• Not everyone can access healthcare to get an official diagnosis. Assuming you have insurance (which is not a given) wait times for doctors can be essentially infinite, leaving you to fend for yourself in the meantime.
  • However, self-diagnosis doesn’t mean that there are no professionals involved. Professionals may unofficially diagnose, or agree with a self-diagnosis. For example, my therapist doesn’t believe strongly in diagnoses, so she gave me a very vague one to appease the insurance company while still exploring my symptoms. Now, she would diagnose me with something very different. Other professionals won’t officially diagnose more “severe” mental health problems due to the accompanying stigma that the patient may face.
  • Professionals almost always under-diagnose. When you see a general practitioner, you will almost always come away with a diagnosis of depression and/or anxiety. Many people with less common disorders, like Dissociative Identity Disorder, go through a variety of professionals before someone diagnoses them accurately.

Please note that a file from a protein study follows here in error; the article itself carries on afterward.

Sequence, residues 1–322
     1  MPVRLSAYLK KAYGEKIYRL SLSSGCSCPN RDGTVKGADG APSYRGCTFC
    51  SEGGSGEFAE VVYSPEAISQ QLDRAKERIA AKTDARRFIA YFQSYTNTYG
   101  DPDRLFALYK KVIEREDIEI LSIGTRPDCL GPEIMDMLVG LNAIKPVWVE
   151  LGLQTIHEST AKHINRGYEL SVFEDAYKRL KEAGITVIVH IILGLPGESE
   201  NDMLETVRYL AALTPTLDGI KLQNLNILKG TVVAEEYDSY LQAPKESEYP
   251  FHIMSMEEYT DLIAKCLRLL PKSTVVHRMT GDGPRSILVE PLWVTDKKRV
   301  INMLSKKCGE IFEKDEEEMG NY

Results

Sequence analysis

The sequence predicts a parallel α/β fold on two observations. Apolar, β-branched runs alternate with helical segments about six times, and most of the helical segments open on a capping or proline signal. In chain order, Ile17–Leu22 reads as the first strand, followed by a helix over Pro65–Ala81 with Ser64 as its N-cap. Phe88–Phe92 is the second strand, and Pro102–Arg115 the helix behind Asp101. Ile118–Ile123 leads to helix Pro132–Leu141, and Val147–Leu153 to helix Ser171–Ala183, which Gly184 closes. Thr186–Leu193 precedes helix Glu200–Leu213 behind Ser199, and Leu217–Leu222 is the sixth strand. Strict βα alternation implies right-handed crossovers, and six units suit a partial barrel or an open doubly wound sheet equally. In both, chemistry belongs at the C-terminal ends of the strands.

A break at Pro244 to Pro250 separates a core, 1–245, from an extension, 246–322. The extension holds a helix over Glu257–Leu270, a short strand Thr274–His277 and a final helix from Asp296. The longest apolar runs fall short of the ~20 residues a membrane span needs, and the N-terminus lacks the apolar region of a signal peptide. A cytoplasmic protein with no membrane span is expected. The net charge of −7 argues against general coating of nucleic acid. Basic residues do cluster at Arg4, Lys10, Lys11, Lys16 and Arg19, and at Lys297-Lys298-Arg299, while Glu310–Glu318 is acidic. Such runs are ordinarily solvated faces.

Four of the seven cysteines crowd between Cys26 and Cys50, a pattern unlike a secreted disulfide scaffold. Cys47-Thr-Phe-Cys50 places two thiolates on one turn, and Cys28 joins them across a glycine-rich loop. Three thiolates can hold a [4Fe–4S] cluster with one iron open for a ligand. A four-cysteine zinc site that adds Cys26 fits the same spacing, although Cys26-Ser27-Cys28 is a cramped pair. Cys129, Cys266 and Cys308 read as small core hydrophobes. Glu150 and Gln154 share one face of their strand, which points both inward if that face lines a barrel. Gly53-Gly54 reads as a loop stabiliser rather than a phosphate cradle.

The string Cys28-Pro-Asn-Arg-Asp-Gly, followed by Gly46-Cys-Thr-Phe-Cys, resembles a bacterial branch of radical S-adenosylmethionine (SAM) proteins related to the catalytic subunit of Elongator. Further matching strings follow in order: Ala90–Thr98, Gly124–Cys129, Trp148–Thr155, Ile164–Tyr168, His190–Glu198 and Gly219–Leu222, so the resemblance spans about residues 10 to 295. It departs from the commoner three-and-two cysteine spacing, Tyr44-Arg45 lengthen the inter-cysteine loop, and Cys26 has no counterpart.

• The right diagnoses don’t always exist, even when they should. I am an enthusiastic advocate for the inclusion of Complex PTSD in the DSM, but as yet it hasn’t happened. That means that the diagnosis that accurately suits me, and has helped me grow immeasurably, doesn’t officially exist. (The reasons are mainly inter-scientist politics.) Therefore, a professional diagnosis is always going to be slightly inaccurate.
  • The point of a diagnosis is to get better and/or learn to manage your illness, and a self-diagnosis can do just that. People can use a self-diagnosis to find a community and coping skills that they may not have had access to otherwise. For example, someone’s self-diagnosis of Borderline Personality Disorder might lead them to find Dialectical Behavior Therapy techniques that they can practice on their own or with guidance.
  • Someone else’s psychiatric diagnoses aren’t your business. Interestingly, mental illnesses are really the only self-diagnosis that gets called into question. People won’t even ask, “Are you sure it’s the flu and not just a cold?” I wonder why that is…

Please feel free to comment with your thoughts!

Writing for the Stage: A Primer